Today’s business landscape calls for organizational leaders to manage unprecedented circumstances, such as working with a multiple-generation workforce. Any given organization might now employ members of five distinct generations, comprised of The Silent Generation, baby boomers, Generation X, millennials, and Generation Z. Each generation understandably comes with its own unique frame of reference and set of values based on factors such as world events, cultural norms, and economic conditions that existed when they were born and were growing up. While this range of generations, specific age groups, personalities, and frames of reference might seem daunting as you think about potential clashes over approaches to everything from daily tasks and approaches to productivity to misunderstandings and agreements, keep in mind that you have the benefit of creating and nurturing a substantially diverse workplace.
As a small business owner or manager, you have a remarkable pool of talent available to provide unique perspectives to your organization with a multigenerational workplace. The key to successful leadership when working with multiple generations is to engage each one for the success of your business. Here are five tips to successfully manage generational diversity in the workplace.
1. Find a universal communication strategy
Each generation has its own way of thinking, talking, and connecting that small business owners and HR teams need to identify. When an HR or communication leader is communicating with employees through internal memos, social media posts, or blog entries, it is important to identify their collective audience, composed of these varied generations.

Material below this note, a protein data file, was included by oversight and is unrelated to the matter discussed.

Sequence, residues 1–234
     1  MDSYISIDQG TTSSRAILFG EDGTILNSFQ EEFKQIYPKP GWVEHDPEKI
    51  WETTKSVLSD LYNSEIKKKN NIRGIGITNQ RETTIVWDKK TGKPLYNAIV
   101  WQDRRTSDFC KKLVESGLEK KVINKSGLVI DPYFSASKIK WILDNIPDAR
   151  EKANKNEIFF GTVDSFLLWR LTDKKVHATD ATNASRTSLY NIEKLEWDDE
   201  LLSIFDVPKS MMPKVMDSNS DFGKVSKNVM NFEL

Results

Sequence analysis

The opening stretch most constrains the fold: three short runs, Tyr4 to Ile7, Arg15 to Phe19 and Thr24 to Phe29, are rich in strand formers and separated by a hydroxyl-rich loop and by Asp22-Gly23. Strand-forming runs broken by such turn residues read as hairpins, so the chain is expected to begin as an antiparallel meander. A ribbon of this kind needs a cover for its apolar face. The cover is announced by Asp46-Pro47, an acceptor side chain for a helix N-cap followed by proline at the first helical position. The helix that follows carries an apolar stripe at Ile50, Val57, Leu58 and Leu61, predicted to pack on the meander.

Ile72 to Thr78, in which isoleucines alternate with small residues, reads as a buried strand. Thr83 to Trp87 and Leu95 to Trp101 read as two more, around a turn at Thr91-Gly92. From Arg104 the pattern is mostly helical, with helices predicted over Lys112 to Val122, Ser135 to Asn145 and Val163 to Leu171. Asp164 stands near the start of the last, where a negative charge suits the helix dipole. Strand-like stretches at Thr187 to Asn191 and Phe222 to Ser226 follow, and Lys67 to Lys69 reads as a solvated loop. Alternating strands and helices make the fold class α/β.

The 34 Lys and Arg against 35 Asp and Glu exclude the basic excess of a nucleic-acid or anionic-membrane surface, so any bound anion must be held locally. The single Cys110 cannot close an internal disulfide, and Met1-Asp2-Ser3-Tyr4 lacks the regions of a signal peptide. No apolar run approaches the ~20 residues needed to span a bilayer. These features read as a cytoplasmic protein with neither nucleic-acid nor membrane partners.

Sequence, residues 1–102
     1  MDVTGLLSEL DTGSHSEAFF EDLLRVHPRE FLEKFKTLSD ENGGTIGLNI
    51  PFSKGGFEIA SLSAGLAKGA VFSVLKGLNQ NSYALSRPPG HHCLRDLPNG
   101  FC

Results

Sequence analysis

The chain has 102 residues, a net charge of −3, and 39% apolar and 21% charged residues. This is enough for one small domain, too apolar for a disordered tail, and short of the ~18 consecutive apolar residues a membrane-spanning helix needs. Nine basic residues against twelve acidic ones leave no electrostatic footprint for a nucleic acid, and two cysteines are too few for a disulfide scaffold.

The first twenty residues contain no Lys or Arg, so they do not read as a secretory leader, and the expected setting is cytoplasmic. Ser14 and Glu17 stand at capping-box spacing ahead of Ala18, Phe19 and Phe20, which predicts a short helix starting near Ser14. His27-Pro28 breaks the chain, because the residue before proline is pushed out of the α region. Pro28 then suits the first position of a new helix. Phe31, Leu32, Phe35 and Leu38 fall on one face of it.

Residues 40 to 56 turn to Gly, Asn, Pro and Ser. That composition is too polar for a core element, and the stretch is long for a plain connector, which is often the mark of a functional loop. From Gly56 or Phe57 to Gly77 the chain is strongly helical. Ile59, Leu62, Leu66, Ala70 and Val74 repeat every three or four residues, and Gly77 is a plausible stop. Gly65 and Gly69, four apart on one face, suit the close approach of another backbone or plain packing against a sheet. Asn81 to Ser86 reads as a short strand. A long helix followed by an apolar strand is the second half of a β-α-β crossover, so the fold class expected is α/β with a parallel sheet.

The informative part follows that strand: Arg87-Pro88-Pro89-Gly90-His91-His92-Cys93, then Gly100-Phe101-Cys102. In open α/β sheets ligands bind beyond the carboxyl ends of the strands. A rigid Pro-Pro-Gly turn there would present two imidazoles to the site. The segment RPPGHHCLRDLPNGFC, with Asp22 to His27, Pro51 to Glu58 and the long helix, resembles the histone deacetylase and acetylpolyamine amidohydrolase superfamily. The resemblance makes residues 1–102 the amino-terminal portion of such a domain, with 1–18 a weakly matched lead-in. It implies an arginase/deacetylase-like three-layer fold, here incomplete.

It is crucial to find a way to convey each message to all employees through a universal tone and content that resonates with members of each generation, to ensure that they understand, receive, and engage with it. While it isn’t necessary to point out each generation during each message, it is vital to keep each one in mind and provide examples and touchstones that resonate universally.
If there are opportunities to create individual campaigns that touch on each generation’s needs and desires, that’s a great bonus, but it may or may not be feasible for every message from your small business. The most important takeaway is to ensure that no generation is left out of the conversation and that all information is accessible to everyone.
2. Work on your employee value proposition for multiple generations
Defining an employee value proposition (EVP) helps define the core values of your organization. An EVP touches on the reasons employees choose to work for your organization. It also forms what motivates them to work hard and connect with team members.
Similar to using generationally specific language when possible, it’s important to work to ensure your organization’s EVP appeals to the full spectrum of generations in your specific workplace. Offer a work environment that has something for everyone, including a variety of compensations and perks that appeal to everyone, such as the following:
- Health and wellness policies and programs, such as paid time off (PTO) and work/life balance initiatives, are attractive to every generation.